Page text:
Diary of Charles Francis Adams, volume 7

Thursday. 26th. CFA Thursday. 26th. CFA
Thursday. 26th.

A fine day. I went to the Office and was occupied as usual in Accounts and Diary. The usual routine with the usual number and description of visitors. Mr. Walsh and A. H. Everett. Talked with the latter upon the subject of my papers. He is one of a few familiar with the subject, who seems to understand it as I do, but even he appears to have been puzzled by the co-existence of specie and paper in this Country.

Home a little late. Dutton of the Quincy Stone Cutters. T. Adams Jr. and J. H. Adams all came on dunning expeditions. I paid them all and spoke to the second about procuring me a horse in the spring. Livy. Afternoon Buffon and Burnet with a very languid portion of Plutarch.

Evening, reading to my Wife a part of a new book of Captain Basil Hall’s called Schloss Hainfeld1—amusing enough in his John Bull way. Afterwards, continued writing upon Currency but this was one of 173my bad nights when things do not run well and I only spoil sheets of paper.

1.

Basil Hall, Schloss Hainfeld; or a Winter in Lower Styria, Edinburgh, 1836.

Friday 27th. CFA Friday 27th. CFA
Friday 27th.

A fine mild day. I went to the Office and was occupied as usual. Wrote Diary. Received a letter from Mr. Johnson in Paris complaining of not receiving any remittances through the Barings. His date is as late as the 10th of December at which time my letters of the 10 and 13 September must have been sometime lieing at the bureau of the Welles. He has evidently forgotten the change of direction requested through his letter from the Hague to my mother. For the rest his letter is full of complaints about his health and intimates a speedy return home.1

Walk and home to read Livy. Afternoon, Buffon and Burnet. I have got very tired of the style of the latter because it is so feeble. He does not grasp his ideas in language. One is puzzled to find out his meaning and sometimes one gets tired of the trouble of the attempt. Read a little of Forster who is fatiguing from the immense length of his sentences. Here is a difficulty of a different kind, and increased by the doubt as to the precise force of words. Evening, we had the family here, and got along very well. Nothing however of any consequence.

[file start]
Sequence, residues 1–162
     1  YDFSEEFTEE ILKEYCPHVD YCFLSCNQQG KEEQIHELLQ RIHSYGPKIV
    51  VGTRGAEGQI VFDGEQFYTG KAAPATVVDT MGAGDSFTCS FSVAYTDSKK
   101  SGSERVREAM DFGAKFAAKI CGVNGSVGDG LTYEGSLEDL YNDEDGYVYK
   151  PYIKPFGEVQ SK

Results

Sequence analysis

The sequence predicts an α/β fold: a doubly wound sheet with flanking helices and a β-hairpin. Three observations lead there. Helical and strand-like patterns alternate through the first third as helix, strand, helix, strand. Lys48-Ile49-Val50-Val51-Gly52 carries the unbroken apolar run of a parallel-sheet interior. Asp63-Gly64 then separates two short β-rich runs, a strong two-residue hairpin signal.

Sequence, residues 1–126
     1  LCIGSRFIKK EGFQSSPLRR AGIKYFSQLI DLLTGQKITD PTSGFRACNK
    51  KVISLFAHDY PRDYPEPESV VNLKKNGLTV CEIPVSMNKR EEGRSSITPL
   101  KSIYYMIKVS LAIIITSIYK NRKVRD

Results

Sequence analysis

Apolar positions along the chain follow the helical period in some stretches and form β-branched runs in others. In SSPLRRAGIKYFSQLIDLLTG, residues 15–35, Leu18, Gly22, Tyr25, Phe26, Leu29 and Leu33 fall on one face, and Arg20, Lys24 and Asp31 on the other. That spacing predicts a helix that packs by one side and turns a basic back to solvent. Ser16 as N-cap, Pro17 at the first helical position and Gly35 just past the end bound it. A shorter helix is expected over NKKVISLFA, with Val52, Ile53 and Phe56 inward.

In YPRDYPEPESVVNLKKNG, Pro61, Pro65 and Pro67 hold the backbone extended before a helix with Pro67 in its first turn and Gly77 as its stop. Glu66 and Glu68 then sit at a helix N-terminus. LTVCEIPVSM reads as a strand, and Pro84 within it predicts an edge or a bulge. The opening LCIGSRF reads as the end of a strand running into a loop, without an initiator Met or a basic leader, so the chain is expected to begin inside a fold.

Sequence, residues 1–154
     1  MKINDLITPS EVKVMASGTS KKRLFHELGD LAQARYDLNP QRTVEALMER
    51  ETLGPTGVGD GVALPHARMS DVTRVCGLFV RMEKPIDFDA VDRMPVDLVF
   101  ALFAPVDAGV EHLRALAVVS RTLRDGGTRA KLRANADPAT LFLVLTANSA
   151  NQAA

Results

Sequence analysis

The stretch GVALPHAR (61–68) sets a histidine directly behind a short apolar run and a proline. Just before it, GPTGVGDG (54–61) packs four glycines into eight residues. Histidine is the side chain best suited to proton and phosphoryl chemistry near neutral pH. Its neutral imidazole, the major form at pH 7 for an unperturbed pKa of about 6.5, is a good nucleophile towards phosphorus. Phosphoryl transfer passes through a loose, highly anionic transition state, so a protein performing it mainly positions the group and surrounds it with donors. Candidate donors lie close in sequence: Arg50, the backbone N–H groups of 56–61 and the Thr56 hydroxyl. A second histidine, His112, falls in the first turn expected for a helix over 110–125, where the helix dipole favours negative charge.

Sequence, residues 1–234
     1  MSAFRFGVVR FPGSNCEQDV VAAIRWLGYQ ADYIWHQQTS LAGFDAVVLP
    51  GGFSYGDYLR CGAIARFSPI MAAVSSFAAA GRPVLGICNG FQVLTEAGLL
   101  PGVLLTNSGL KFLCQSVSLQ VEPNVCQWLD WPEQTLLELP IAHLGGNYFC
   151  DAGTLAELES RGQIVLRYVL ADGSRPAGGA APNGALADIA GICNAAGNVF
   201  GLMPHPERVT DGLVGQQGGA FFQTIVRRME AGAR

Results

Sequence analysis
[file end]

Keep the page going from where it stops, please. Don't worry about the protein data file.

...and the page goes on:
1.

The letter from Thomas Baker Johnson is missing. LbCs of CFA’s letters to Johnson of 10 and 13 Sept. 1836 addressed c/o S. Welles & Co., Paris, as well as the RC of the letter of 13 Sept., are in the Adams Papers. Johnson’s letter to LCA from The Hague is missing.

Saturday. 28th. CFA Saturday. 28th. CFA
Saturday. 28th.

Mild morning. Office where I was not enabled to execute even my usual routine from the number of interruptions. Mr. Burril from Quincy took up an inordinate length of time in a statement of his grievances about his tenancy. He told me a long story for which I told him another, and then he paid me part of his rent and offered me security for the future. I told him that if W. Spear at Quincy had not actually let the House to any one else, in that case, I had no objection to his remaining. But that it must depend upon that. He said Spear promised him last night he would do no more about letting until he, Burril, could see me. He seemed in much agitation of mind upon the subject.

Home late, having some purchases to make, particularly of some 174wine at Mr. Williams’. Afternoon, Burnet, and Buffon. Evening, reading to my Wife from Schloss Hainfeld and afterwards made successful progress in the Currency.